I havent talked much about Pathfinder since plenty of people do that on RPGnet. However, I've always liked the idea of wizards in D&D, so this one hits closer to home than the rest. The guest star this week is Ezren, a really old dude that apparently is not too old for this shit. He's showed off at level 10, allowing us to see...nothing really new.
Coming into this fairly blind (I read the Beta awhile back), my impression is that if you've played wizards before its the same song with a slightly different dance. There are words that talk about shit you dont know about (hand of the apprentice and metamagic mastery), but mostly its what you can get in 3rd Edition: a list of spells per day, feats, skills, and trivial magic trinkets that people forgot about almost immediately after picking them up.
Spells are still extremely limited, which I didnt expect to change. This just means that I also expect to fall back on a shitty mundane weapon with which I have no chance of applying with any efficacy. So, wizards are wizards for part of the day until they invariably putter out into glorified commoners. As a wizard player, this isnt something I enjoy(ed). I dont like having to determine somehow which spells to hoard, which to use, and also set the party's bedtime. On top of that, I didnt like having to guess which spells to use in a given day, hoping to get to use them and cursing Jack Vance when we came to an obstacle or challenge that would have gone a lot smoother, "if only I'd known!"
Anyway, thats just my impression at a glance. Nothing new, nothing impressive. I'm sorry, but it takes more than a larger Hit Die and additional mechanics like the Fly skill to graps my interest. Not to fret, as Jason Bulmahn is happy to explain these things to us in an effort to pimp his ride. Its just too bad that all it does is reinforce why I got out of 3rd Edition before 4th Edition had even come out. Before I get into the first part, I want to highlight the failback plan of every wizard before 4E: mundane weapons. He's got a club attack, which at a +5 to hit will never be used in any reasonable scenario. In the unlikely (read: 5% chance) situation that he does hit, it deals a whopping 1d6 damage...
...and hand of the apprentice is about as lame. Its like a ranged club attack, except that it actually has a viable chance of succeeding. The downside? Still 1d6 damage, because for some bizarre fucking reason it is keyed to Strength. I guess Pathfinder wizards can apply Xena-physics to their staffs or some shit. Seriously, there isnt anything "wizardy" about this. Its pathetic. Sure, it might hit, but the damage is crap. Why not let him add his Int modifier to the damage? You're letting him get away by using it for attacks. +6 damage isnt going to overpower him: he has the rest of his class features to do that.
It might be cool if you could actually do interesting things with it, but you cant (no combat maneuvers). So, there's that.
Metamagic mastery lets you add metamagic feats to spells up to a point, but you only get it at level 8, and you still have to apply it beforehand. At least with this mechanic I might be tempted to burn a feat on one of them and actually use it. Score a point, here.
He talks about how necromancers dont have to be evil, now (though they didnt before, and there was an issue of Dragon that had necromancers of all nine alignments). This school specialty lets you turn/rebuke undead, and even though (from what I recall) Pathfinder copy and pasted the mechanics from 4E I still think its kind of retarded since thats basically something that divine characters do. I could see a necromancer commanding undead, but not obliterating them into dust.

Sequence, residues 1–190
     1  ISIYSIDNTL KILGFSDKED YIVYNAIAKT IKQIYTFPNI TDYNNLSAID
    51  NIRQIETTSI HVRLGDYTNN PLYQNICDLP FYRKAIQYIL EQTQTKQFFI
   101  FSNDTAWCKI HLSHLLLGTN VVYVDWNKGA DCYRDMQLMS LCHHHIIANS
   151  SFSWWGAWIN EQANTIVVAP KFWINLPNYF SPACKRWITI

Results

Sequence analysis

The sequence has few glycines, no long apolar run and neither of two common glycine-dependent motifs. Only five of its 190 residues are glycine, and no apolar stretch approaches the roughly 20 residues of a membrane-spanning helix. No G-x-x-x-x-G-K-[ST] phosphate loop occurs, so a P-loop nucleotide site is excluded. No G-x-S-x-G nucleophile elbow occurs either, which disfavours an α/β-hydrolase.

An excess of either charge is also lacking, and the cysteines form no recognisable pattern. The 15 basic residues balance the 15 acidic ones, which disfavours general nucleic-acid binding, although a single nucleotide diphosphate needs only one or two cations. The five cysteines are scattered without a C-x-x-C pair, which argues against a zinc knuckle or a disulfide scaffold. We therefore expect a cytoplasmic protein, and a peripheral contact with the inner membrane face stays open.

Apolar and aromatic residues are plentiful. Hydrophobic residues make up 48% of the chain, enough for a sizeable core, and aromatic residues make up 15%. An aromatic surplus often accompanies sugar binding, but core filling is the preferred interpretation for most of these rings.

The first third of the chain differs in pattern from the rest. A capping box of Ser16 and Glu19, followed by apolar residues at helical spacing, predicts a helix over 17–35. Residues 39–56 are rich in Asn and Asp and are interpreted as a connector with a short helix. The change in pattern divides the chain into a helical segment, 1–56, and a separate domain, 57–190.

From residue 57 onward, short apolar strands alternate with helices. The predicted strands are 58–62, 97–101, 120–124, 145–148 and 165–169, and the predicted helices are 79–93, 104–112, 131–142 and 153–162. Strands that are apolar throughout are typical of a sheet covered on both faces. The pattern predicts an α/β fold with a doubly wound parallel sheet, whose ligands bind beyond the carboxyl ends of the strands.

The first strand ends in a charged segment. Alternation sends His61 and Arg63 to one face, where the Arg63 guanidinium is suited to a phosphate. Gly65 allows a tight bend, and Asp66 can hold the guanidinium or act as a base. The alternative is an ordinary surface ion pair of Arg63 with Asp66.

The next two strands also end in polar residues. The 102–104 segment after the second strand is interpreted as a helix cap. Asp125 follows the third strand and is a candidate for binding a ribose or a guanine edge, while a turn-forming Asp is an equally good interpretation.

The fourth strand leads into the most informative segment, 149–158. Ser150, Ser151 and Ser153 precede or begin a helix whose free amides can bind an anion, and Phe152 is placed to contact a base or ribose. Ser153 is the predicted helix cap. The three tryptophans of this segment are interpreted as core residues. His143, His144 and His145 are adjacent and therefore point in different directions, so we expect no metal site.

Still, if it gives necromancers an ability to actually use something thematic, its better than necromancers in past editions (which couldnt really do anything with undead until two levels after clerics were creating them). I'm willing to make a tentative concession here and dole out a half point (not that the points matter).
Specialists can now cast prohibited spells by doubling up the spell slot, though there is no mention of how this affects items (meaning that they can now freely use any and all spell completion items, so its not much of a restriction if you can call it one at all).
Teleport and other plot-ignoring spells get nerfed. They can still ignore the plot, but its just harder to do, so players are more likely to simply derail it instead.
Wall of force kinda-sorta-maybe got nerfed. It can be busted through after awhile...perhaps? Its got a hardness of 30 and about 200+ hit points, so while technically the tarrasque could claw through it in an average time of 80 rounds/8 minutes assuming the same damage from 3E (only the bite and tail have any chance at all of inflicting damage, and its a stretch for the tail to pull it off). Thats...plenty of time to either setup a plan or just to get the fuck out of dodge. It might as well be indestructible.
He's got a +2o to Concentration, which I guess means that he, "can defensively cast 5th-level spells on a 5+". Honestly, I never really liked Concentration at all. I mean, I liked it going into 3rd Edition because it let a wizard do something with a greatly reduced risk of auto-failing a spell. Now? It just seems like a lame-ass skill tax for spellcasters. "You cannot use your class features reliably if you dont dump a shit-load of points into this ability that basically negates all of that." Weak.
As with everything from Pathfinder thats not entirely reserved for art, I just dont give a shit. 3rd Edition was fun for its time, but there are better games that cater to the same genre and play style. Paizo can lump on all the mechanics and features that they want, but it still doesnt resolve the actually problems, instead trying to distract you with shiny jangling keys...except sometimes the keys arent very shiny or jangly.